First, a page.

In this study, we demonstrated that afatinib-induced apoptosis in NSCLC cell lines without EGFR mutation through Elk-1 mediated CIP2A down-regulation. We identified CIP2A as a major molecular determinant of the apoptosis-inducing effect of afatinib in NSCLC without EGFR mutation. In addition, we found that the overexpression of CIP2A upregulated p-AKT and protected sensitive H358 cells from afatinib-induced apoptosis. Knockdown of the gene expression of CIP2A in the afatinib-resistant H460 cells decreased the phosphorylation of AKT and increased afatinib-induced apoptosis, thus changing the phenotype of the resistant H460 cells to resemble the sensitive H358 cells. Our results and previous studies show that CIP2A is overexpressed in NSCLC and is correlated with a poor prognosis [15, 18, 21]and TNM stage [21]. This strengthens the evidence that CIP2A may be a potential drug target [13, 18, 28-37]. Ma et al. demonstrated that Rabdocoetsin B can inhibit proliferation and induce apoptosis in a variety of lung cancer cells by down-regulating CIP2A and inactivating AKT pathway [18]. Our in vivo results also showed that afatinib downregulated CIP2A through Elk-1 in H358 xenograft tumors and inhibited tumor growth (Figure 5). These structurally unrelated agents showed a common target in different cancer cells, suggesting that CIP2A may be a novel anti-cancer target.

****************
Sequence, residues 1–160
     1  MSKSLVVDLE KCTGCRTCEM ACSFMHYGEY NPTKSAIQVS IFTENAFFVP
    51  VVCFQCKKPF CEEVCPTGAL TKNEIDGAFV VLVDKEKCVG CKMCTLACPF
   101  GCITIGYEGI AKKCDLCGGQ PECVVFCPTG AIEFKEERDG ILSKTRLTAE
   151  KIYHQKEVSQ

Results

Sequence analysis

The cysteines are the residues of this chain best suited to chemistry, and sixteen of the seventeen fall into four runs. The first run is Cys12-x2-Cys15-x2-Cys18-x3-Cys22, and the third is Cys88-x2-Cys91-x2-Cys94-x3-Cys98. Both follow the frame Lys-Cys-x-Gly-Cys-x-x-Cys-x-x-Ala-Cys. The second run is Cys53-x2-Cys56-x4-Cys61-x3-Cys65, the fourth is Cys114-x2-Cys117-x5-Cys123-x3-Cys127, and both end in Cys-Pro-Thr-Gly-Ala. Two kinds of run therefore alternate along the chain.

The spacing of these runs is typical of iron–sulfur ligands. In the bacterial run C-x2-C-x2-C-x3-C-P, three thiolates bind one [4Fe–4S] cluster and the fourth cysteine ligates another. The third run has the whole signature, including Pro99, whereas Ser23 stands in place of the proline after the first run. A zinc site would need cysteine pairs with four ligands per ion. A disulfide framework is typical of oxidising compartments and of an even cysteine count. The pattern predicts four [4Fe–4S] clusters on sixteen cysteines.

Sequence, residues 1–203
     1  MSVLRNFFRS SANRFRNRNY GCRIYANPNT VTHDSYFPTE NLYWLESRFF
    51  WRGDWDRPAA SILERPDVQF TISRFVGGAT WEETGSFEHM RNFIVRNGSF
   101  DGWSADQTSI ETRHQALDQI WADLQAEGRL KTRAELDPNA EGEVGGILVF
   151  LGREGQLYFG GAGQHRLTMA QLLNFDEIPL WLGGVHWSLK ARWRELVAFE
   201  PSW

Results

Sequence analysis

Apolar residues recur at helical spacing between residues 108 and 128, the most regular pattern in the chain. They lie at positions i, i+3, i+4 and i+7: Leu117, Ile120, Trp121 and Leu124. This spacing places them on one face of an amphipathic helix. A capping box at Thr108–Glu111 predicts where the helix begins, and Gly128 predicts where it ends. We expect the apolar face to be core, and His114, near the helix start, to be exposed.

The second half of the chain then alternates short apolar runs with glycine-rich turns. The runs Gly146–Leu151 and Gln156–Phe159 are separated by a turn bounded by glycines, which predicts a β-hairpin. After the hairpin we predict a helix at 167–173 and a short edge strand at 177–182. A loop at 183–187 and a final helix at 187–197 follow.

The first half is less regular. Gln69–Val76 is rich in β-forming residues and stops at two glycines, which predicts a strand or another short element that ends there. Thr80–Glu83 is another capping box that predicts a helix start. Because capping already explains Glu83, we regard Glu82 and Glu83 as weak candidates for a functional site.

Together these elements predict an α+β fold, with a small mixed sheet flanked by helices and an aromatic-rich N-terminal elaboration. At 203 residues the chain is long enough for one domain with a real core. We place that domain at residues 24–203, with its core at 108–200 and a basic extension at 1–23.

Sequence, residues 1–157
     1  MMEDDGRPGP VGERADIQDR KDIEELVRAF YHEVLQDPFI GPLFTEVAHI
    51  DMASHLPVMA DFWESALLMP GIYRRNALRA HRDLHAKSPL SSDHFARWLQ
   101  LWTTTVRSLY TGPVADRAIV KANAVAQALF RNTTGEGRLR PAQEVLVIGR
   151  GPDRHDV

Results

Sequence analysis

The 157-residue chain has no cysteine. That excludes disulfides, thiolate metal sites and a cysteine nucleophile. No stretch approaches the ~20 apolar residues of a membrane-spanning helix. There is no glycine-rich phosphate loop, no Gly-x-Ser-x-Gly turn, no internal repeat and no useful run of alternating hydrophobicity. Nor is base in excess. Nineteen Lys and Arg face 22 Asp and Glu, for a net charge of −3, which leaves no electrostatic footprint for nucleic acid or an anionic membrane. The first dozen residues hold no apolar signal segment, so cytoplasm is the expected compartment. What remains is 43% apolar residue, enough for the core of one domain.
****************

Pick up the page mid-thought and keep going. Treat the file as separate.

Elk-1 is a member of the ETS oncogene family. They are transcription factors involved in many biological processes, including cell growth and survival, angiogenesis, wound healing and cancer [18, 38]. The ETS transcription factor family is defined by the presence of a highly conserved DNA-binding domain, and the proto-oncogene c-fos characterized as an Elk-1 target [39]. Promoter activity is regulated by the serum response element (SRE), and recruitment of Elk-1 to the SRE is through the combination of protein-protein or protein-DNA interactions [40]. Pallai et al. demonstrated that the binding of Ets-1 and Elk-1 together to the proximal CIP2A promoter is required for CIP2A expression in cervical, endometrial and liver carcinoma cell lines [41]. However, another study showed that only Ets-1 is required to regulate CIP2A expression in prostate and gastric carcinoma [42]. Our ChIP experiments using an Elk-1 specific antibody revealed that afatinib reduced CIP2A promoter occupancy by Elk-1 in a dose-dependent manner in sensitive H358 cells but not in resistant H460 cells (Figure 4C). Afatinib did not change the CIP2A promoter occupancy by Ets-1 (data not shown). Thus, in NSCLC treated with afatinib, Elk-1 mediates CIP2A expressed reduction causing of interfered with the function of Elk-1. Addition, the Raf-1/MEK/ERK signaling cascades activated downstream transcription factor Elk-1 has been proved which involved in Elk-1-regulated EMT [43]. In order to verify how Elk-1 is modulated, we have additionally performed experiments with knockdown of ErbB family or KRAS (Supplement Figure S1). There are no apparently alterations of Elk-1 under HER2 siRNA, Erb4 siRNA, KRAS siRNA, or EGFR siRNA. Therefore, afatinib may modulate Elk-1 not through ErbB family or KRAS. Furthermore, we have additionally performed experiments to see the change of CIP2A after adding afatinib under different EGFR status (Supplement Figure S2). In H358 (EGFR wild) and PC9 (EGFR mutation), we tested the effect of afatinib or EGFR siRNA. Under EGFR siRNA only (without afatinib), EGFR decreased but CIP2A did not show any change. Adding afatinib and EGFR siRNA together, CIP2A decreased. Therefore the decrement of CIP2A may be not through EGFR, no matter in EGFR wild or EGFR mutation NSCLC cell lines.